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Sentenced to death over ‘blasphemous’ SMS, Christian couple awaits justice

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A Christian couple Shafqat Emmanuel and Shagufta Kausar who were convicted of blasphemy in 2014 are waiting for their appeal against death sentence to be heard by the Lahore High Court (LHC). The couple was sentenced to death under Section 295 –C of the Pakistan Penal Code (PPC) with Section 34 of the PPC by a Toba Tek Singh additional sessions judge five years ago.

On February 7, the appeal was fixed before the LHC division bench led by Justice Aalia Neelum, but it was left over.

Shagufta Kausar is the second woman after Aasia Bibi to be sentenced to death for blasphemy. Her husband Shafqat Emmanuel, who was convicted along with her, is disabled and cannot walk on his legs.


Muhammad Hussain, a resident of Gojra, filed a petition saying that on July 18, 2013, when he was offering Taraveeh prayers at a mosque, he received a text message containing blasphemous remarks. He then approached his lawyer to initiate legal proceedings and a case was registered.

According to police, both the convicts confessed to committing blasphemy. But legal analysts are of the opinion that a confession in such cases is almost always forced as there is absence of fairness in blasphemy-related cases.

It is pertinent to mention that Gojra district has a history of anti-minority violence. In 2009, a series of attacks targeted the Christian community in Gojra town over charges of blasphemy. Eight Christians including four women and a child lost their lives in the riots.


“The convicts did not get a fair trial. The confession holds no legal value,” says Saiful Malook, the lawyer who successfully defended blasphemy accused Aasia Bibi and has been following the Shagufta and Shafqat blasphemy case. He says the police claims to have presented the convicts before the court at 6 PM, while the courts shut at 4 PM, adding that the police’s version is made up. Malook told Naya Daur that only Shafqat’s confession was obtained, and Shagufta Masih did not make any confession, contrary to what the police has stated before the court.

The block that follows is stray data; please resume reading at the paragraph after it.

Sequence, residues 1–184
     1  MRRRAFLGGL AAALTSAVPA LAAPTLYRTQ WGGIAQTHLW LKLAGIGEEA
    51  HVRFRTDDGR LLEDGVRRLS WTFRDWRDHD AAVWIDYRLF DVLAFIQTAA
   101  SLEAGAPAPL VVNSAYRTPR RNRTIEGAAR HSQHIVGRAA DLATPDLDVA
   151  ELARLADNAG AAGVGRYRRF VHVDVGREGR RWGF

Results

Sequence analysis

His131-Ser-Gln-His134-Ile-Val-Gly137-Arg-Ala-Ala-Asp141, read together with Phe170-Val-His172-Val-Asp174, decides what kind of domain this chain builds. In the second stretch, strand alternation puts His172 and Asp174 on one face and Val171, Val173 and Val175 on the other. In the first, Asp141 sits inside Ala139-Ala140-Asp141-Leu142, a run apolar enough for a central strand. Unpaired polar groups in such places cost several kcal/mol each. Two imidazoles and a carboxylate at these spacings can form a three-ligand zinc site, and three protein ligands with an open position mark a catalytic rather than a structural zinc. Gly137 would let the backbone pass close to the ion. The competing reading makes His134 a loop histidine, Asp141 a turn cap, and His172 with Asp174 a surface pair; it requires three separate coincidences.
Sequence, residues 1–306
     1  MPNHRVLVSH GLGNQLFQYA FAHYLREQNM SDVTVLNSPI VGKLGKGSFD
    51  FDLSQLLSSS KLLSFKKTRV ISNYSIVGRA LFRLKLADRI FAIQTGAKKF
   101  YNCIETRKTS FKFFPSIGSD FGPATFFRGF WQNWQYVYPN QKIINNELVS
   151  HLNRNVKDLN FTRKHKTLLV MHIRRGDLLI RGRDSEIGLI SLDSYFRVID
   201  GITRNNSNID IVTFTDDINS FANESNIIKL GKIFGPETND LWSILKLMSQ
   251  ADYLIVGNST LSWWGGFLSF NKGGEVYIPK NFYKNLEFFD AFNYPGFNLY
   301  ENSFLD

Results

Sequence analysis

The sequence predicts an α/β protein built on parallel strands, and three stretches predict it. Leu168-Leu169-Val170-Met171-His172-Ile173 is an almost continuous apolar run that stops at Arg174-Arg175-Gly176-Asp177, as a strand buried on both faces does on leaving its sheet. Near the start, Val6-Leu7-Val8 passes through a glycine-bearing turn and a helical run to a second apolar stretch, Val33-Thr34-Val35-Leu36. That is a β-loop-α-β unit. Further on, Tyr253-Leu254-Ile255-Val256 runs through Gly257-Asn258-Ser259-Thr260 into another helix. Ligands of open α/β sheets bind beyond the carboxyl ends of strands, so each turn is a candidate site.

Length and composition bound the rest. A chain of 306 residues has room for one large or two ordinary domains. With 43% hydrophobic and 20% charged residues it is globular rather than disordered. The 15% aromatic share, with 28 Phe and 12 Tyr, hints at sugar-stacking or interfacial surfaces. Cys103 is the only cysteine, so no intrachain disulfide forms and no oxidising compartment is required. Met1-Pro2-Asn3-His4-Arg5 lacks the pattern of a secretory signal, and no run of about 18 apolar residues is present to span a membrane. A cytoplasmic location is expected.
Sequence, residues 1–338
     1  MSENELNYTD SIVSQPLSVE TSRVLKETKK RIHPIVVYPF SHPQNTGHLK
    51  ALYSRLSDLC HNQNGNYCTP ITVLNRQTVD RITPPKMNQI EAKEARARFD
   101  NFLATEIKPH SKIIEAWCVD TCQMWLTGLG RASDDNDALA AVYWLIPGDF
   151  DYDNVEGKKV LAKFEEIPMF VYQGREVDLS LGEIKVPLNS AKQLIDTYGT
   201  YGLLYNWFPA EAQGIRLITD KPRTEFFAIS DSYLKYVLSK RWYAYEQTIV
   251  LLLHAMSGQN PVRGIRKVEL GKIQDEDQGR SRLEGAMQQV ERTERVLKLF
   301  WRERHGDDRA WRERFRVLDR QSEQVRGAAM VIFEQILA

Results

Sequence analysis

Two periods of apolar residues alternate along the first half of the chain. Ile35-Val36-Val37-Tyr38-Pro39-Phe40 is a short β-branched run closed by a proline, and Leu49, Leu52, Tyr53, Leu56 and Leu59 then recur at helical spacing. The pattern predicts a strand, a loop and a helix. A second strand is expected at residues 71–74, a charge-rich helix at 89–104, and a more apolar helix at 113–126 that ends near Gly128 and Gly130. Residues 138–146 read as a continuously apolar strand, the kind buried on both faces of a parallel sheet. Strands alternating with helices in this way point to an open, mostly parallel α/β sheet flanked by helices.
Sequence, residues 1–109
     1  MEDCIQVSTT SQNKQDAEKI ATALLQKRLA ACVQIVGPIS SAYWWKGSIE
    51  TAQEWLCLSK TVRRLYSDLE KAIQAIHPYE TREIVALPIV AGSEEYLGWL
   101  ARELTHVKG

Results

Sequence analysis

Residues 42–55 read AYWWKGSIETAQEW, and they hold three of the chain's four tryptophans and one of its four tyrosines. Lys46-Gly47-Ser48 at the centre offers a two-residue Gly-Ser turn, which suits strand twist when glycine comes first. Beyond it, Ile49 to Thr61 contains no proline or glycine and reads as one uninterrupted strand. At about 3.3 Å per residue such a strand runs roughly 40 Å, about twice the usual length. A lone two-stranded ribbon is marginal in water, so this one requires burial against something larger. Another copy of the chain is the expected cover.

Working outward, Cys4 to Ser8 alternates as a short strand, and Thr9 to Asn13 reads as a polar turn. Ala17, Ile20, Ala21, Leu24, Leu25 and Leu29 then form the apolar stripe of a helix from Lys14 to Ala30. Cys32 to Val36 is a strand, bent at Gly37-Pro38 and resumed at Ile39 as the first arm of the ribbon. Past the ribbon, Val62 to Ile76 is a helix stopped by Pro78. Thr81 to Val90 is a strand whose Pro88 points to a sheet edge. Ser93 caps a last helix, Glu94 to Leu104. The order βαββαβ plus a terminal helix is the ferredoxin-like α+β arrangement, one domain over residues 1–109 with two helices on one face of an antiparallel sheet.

The couple was convicted and sentenced to death by the trial court. Saiful Malook says he would defend the convicts before the LHC because such allegations are almost always based on hearsay and the law is misused to settle personal scores and target minorities.


According to the couple, the registration of case by their neighbors is as an act of vengeance. A few days prior to the complaint, a dispute took place between the convicts’ children and their neighbors.

Shagufta was employed at the Bishop Compound and the copy of her National Identity Card was available in the record of the Bishop Compound. The said neighbor was also working there and he managed to obtain the copy of her NIC and bought the SIM in her name and later misused it to forward the blasphemous text message to the complainant, who is an accomplice of the said neighbor.

Another aspect that raises doubts over the trial is the fact that the convicts are illiterate, while the blasphemous text message was written using English alphabets.

Saiful Malook is hopeful that he would be able to get the couple acquitted because the trial is unfair. The Aasia Bibi verdict had set an important precedent, and it is hoped that the court will do the right thing and set the couple free, he says.

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